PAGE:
Ashland resident Justin Underwood noticed his dog, a 9-year-old border collie was missing.
Underwood discovered Mac had chewed through his wooden gate some time before 8 p.m. on Wednesday, Oct. 23. Immediately the Underwoods went on a hunt for their beloved dog, not giving up until almost midnight.
"This dog meant a lot to us. We owed it to him to get him back," Justin said.
Although Mac was microchipped and even had an identifiable ear tattoo, the Underwoods went an extra step and posted "lost dog" posters around their community.
Friday morning Justin received a phone call from an individual stating that she had shot Mac because he had trespassed into her goat pen.
When Justin asked what was done with the body, the individual was very hesitant in responding.
"I had to ask her over and over where the body was and she didn't want to say at first," Justin said. "Finally she told us she had dumped him off a bridge on the east side of town."
Although saddened by the news of their dog, Justin said he understood Mac had trespassed and had accepted the consequences.
That sentiment changed with a surprising discovery.
Mac's body was sent to a research lab at K-State by the Clark County Sheriff's Office. The results showed no evidence of a gunshot wound; Mac's death was caused by strangulation.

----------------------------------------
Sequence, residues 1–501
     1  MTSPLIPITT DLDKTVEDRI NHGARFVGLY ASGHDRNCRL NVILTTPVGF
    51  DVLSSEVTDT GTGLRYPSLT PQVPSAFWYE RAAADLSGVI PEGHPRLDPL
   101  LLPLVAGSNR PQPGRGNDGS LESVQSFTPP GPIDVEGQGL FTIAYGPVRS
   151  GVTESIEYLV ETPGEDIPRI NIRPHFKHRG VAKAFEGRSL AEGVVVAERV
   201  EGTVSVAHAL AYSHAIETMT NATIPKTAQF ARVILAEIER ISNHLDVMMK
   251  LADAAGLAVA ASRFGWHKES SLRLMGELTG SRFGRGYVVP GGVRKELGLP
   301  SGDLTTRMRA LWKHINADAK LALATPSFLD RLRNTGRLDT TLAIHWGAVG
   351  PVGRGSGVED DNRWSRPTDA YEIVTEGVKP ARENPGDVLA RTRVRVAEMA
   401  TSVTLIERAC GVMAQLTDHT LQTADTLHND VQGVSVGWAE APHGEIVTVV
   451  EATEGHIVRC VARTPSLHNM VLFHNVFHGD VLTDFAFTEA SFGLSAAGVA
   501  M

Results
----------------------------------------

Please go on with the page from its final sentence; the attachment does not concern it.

"When we found out he was strangled to death, that changed everything for us," Justin said. "We're now trying to file this case under Magnum's law."
Under Magnum's law, it is a felony to hurt or kill an animal intentionally.
The Underwoods feel dissatisfaction by the chain of events leading to death of their dog. Justin said that in her statement to Clark County Sheriff's, the woman confessed that Mac cowered to her when she approached him, presenting a chance to contact the Underwoods.
The collar that showed Mac's information was taken off before the woman disposed of the body.
"We're in the livestock business, so we understand having to protect your livestock, but she crossed the line," Justin said. "Mac wasn't a repeat offender, he wasn't a mean dog. Losing him not only meant losing a family dog but he was also very instrumental to our breeding program."
The Clark County Attorney's office told the Underwoods the case is "open and under investigation."
The county attorney was not available for comment prior to press time.